He said the threat of disqualification - which followed a DTI report on Blue Arrow, where he was chairman, criticising a pounds 25m property loan to Peter de Savary - was a 'side issue' in his decision.
A preliminary hearing, at which both he and the DTI will give evidence, is due on 17 January and Mr Berry is confident the proceedings will be dropped.
He is also a non-executive director of Tottenham Hotspur, the football club, and intends to retain his position there.
Mr Berry's successor is Alan Baldwin, former chairman and chief executive of Securiguard, acquired for pounds 76m by Rentokil in July. Mr Berry said that, although he had cut BTG's pounds 14m of debts, reduced its losses and refocused it on its core photocopier supply business during his two-year tenure, 'I think (Mr Baldwin) will take it forward quicker than I could'.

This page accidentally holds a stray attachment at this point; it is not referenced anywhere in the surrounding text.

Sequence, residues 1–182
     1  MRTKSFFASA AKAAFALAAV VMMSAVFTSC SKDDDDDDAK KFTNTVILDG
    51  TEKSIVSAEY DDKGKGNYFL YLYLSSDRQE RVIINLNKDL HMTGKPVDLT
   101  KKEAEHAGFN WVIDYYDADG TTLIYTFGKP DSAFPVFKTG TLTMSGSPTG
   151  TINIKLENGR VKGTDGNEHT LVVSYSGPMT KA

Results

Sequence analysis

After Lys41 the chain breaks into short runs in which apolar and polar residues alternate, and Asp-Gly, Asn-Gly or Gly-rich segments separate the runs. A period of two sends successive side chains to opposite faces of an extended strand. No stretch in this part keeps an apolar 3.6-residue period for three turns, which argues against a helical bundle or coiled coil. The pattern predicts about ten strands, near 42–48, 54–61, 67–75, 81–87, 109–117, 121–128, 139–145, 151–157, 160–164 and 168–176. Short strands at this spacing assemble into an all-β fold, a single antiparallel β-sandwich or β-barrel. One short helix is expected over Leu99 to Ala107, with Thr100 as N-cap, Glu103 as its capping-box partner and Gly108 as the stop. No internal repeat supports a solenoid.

He added that the threat of disqualification had made it difficult to go to institutions to raise finance for the company. He intends to retain his 9 per cent stake in the group.
The board changes sent BTG's shares up 4p to 23p, valuing the group at about pounds 10m and Mr Berry's stake at about pounds 900,000. Asked whether he would acquire a stake in the business, Mr Baldwin said: 'It would be natural for a chairman and chief executive to have a stake in the group.'
He is taking the former finance director of Securiguard, Peter Dunckley, on to the board with him while Bernard Goodall has resigned as a non-executive.
Mr Baldwin hinted that he aims to recreate Securiguard in BTG, although acquisitions are unlikely until next July, when the restrictions imposed by Rentokil expire.
Securiguard had interests in security, cleaning, communications and personnel.Reuse content